Hardware

Skydio R1 review: a mesmerizing, super-expensive self-flying drone

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The idea of a robot methodically hunting you down isn’t the most pleasant of concepts. A metal-bodied being zooming after you at up to 25 miles per hour with multiple eyes fixed on your location seems… out of your best interest.

The Skydio R1 drone seems friendly enough. though. I wouldn’t call it loving or cute by any means, but it really just wants to keep up with you and ensure it captures your great life moments with its big blue eye.

What makes the $2,499 Skydio R1 special is that it doesn’t need a pilot — it flies itself. The drone uses 12 of its 13 on-board cameras to rapidly map the environment around it, sensing obstacles and people as it quickly plans and readjusts its flight paths. That means you can launch the thing and go for a walk. You can launch the thing and explore nature. You can launch the thing and go biking and the R1 will follow you with ease, never losing sight of you as it tries to keep up with you and capture the perfect shots in 4K.

That was the company’s sell anyway; I got my hand on one a few weeks ago to test it myself and have been zipping it around the greater West coast annoying and impressing many with what I’ve come to the conclusion is clearly the smartest drone on the planet.

The R1 has a number of autonomous modes to track users as it zips around. Not only can the drone follow you, it also can predict your path and wander in front of you. It can orbit around you as you move or follow along from the side. You can do all this by just tapping a mode, launching the drone and moving along. There are options for manual controls if you desire, but the R1 eschews the bulky drone controller for a simple, single-handed control system on the Skydio app on your phone.

The app is incredibly simple and offers a wide range of tracking modes that are pretty breezy to swipe through. Setting the drone up for the first flight was as simple as connecting to the drone via password and gliding through a couple of minutes of instructional content in the app. You can launch it off the ground or from your hand; I opted for the hand launch most times, which powers up the propellers until it’s tugging away from you, flying out a couple of meters and fixing its eye on you.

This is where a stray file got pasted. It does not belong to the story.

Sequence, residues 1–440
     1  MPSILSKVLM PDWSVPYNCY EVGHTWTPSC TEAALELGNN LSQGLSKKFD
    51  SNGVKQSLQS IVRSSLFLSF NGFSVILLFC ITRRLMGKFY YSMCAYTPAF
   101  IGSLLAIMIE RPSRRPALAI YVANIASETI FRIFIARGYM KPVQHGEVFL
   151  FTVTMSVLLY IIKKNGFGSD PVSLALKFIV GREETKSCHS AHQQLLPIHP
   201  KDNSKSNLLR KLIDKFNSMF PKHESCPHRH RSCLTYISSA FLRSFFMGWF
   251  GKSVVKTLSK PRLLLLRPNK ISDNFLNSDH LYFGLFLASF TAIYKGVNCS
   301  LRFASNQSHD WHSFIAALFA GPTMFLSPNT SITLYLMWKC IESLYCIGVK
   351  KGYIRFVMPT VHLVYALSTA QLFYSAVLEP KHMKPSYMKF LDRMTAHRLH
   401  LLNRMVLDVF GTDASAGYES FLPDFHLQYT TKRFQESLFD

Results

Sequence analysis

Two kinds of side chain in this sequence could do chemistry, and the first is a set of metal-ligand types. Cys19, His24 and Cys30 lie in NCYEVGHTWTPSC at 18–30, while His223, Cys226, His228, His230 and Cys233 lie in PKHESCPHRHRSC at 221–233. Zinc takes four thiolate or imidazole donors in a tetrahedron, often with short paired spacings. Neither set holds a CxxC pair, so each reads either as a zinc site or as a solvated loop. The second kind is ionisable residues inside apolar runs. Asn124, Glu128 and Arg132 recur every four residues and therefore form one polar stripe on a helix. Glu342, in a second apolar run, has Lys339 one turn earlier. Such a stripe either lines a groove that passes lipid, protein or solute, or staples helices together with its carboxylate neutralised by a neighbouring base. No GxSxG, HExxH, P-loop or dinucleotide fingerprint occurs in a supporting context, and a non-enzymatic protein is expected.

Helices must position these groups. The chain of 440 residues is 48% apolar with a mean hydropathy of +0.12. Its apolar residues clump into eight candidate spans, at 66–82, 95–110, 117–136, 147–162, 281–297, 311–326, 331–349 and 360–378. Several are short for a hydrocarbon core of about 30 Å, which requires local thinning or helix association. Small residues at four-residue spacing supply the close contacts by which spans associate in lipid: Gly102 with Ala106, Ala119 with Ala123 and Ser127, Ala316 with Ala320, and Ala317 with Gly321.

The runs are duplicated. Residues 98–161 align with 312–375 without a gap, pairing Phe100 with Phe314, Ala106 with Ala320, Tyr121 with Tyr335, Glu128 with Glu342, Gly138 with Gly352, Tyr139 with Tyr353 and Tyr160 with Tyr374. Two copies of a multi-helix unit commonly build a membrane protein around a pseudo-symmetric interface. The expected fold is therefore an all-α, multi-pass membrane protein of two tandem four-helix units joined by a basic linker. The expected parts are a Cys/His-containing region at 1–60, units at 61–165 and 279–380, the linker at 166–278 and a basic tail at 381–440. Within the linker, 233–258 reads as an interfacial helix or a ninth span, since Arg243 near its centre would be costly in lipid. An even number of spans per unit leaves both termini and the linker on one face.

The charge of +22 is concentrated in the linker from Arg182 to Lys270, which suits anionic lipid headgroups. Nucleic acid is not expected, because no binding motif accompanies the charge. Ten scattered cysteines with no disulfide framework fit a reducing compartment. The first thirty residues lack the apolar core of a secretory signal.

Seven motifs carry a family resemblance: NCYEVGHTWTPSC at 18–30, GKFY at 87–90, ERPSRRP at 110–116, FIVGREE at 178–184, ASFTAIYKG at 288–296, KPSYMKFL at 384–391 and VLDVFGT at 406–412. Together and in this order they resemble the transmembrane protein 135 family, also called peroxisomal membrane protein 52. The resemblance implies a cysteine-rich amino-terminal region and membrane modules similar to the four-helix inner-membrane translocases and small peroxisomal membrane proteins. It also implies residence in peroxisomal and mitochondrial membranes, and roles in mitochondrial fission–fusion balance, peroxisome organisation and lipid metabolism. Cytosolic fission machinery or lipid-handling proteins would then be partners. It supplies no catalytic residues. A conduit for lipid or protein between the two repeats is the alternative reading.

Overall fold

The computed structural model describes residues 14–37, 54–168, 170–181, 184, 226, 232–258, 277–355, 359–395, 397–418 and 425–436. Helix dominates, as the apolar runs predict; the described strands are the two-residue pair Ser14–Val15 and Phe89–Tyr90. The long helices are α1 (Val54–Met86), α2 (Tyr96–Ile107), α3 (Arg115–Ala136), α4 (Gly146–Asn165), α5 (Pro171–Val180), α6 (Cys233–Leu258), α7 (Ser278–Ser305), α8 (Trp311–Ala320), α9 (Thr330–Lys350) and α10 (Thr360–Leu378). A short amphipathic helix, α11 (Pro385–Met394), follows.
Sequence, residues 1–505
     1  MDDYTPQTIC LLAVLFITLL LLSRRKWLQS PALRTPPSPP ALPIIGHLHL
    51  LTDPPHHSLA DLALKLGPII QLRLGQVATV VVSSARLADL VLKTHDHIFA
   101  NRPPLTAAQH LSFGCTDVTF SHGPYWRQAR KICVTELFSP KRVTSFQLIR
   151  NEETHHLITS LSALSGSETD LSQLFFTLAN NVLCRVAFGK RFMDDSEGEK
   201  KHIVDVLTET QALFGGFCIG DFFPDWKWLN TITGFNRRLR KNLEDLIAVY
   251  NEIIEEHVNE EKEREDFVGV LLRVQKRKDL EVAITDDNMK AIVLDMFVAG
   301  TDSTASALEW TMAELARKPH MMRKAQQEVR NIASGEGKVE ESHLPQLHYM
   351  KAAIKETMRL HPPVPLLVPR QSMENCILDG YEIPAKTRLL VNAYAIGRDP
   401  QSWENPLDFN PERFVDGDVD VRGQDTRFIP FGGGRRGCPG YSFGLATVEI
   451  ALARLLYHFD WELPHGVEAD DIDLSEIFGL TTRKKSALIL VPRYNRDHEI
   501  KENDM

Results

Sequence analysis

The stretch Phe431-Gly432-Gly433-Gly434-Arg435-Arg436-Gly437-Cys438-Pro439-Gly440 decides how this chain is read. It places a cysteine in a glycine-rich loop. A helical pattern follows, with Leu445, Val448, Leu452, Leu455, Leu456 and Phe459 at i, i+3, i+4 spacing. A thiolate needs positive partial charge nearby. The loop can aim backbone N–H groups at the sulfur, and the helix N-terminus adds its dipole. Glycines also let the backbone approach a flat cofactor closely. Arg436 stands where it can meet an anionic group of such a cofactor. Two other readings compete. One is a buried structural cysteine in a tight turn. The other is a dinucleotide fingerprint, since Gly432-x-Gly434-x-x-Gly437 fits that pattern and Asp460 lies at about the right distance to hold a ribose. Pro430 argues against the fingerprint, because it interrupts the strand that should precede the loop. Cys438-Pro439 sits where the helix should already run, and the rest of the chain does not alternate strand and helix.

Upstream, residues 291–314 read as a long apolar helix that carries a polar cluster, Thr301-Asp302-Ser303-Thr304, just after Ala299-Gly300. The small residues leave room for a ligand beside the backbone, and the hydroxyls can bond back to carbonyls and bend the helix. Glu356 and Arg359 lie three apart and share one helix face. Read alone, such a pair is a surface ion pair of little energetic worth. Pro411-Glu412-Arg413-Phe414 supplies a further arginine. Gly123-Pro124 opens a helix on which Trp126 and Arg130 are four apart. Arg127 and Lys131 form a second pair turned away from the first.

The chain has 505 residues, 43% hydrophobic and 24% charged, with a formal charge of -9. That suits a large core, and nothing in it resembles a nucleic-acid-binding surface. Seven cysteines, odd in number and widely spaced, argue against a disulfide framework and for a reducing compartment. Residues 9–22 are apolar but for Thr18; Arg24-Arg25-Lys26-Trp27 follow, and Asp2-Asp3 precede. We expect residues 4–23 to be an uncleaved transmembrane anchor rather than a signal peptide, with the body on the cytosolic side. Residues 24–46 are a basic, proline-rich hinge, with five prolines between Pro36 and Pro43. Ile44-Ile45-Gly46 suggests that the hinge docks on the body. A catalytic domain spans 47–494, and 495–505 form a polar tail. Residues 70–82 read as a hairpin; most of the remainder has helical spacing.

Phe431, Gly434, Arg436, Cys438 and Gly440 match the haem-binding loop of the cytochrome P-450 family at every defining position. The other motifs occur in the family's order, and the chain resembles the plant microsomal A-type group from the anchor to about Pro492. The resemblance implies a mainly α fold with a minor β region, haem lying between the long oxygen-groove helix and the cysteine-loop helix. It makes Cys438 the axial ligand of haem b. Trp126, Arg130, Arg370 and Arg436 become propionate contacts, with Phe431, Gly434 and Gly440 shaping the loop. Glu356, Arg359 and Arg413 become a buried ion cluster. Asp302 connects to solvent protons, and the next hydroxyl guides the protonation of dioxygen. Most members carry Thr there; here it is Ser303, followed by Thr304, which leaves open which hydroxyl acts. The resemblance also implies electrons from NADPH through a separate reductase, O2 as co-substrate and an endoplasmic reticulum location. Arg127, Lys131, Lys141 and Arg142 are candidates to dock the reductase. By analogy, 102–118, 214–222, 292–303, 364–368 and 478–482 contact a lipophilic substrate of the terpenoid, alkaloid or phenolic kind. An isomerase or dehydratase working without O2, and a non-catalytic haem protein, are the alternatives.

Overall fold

Walking around and having it follow you is cool and all, but this thing shines when you’re on the move and it’s speeding to catch up with you. It’s honestly so incredible to fire up the R1 and run through a dense forest with it trailing you; same goes for a bike ride. It speaks to Skydio’s technology how few hiccups it had in the midst of extended sessions, though by extended session I mean around 15 minutes, as that was the average flight time I got from a single battery charge. The Frontier Edition R1 ships with a second battery, which was a godsend.

When it comes to capturing precise, buttery smooth footage, there’s no replacement for a skilled drone pilot. Even with a perfectly good gimbal, the movements of the R1 are often pretty sudden and lead to direction changes that look a bit weird on camera. Not every continuous shot you gather from the R1 will make the cut, but what’s crazy is that you literally don’t have to do anything. It just follows and records you, leaving you a lot of footage that you’ll be able to pare down in editing.

There are some things I don’t love. It’s too big for one; the company insists that it’s still small enough to fit in a backpack, but unless it’s a backpack that you could also load a 17-inch gaming laptop in, I kind of doubt that. The body feels light and substantial; but the rigidity of its outer frame and its overall size made me a little nervous at times that I was going to catastrophically break it, which was enough to make me consciously leave it at home when I was out on a snowboarding trip.

I’m also a little distraught by the company’s decision to make this purely Wi-Fi controlled over your phone connection, a decision that definitely helps you from losing it, but also kind of limits its core utility when it comes to tracking people who are not holding the phone. I sicced the drone on a friend of mine who was running around a neighborhood area but after he took off in a sprint, the R1 lost the signal and it came to a stop over a street where I was left trying to reconnect and move it to safety as cars zoomed by a few feet beneath it.

For $2,499, it’s not ridiculous to desire some features that also make this more of a general-purpose drone, as well; all of the propellers are there, so it doesn’t seem like it should be a coup to offer an add-on controller that extends the range from a few hundred feet as it currently is.

Not a complaint at all, but I am excited to see the functionality gains this gets from future software updates; namely I think it’d be really to fun to track a pet (it currently can only recognize humans). At one point when it was following me around in a park, it majorly freaked out a bunch of dogs, who promptly started chasing it — and by extension, me. The sadist in me kind of wanted to chase them back with the R1.

The R1 is a $2,499 product with a feature that makes it particularly attractive to the first-time drone user who definitely won’t spend that much money in the first place. In some ways this mismatch shows just how disruptive this tech could be, but in the short-term the targeted buyer of this drone is an extremely tight niche.

For the early adopter who just loves getting the new thing, you’ll be pleased that it actually works and isn’t another half-baked dream on the road to autonomy. If you’re a creator or vlogger who does a lot of solo trips in the great outdoors, this drone could definitely transform how you capture your trips and end up being a great buy — albeit a super pricey one.

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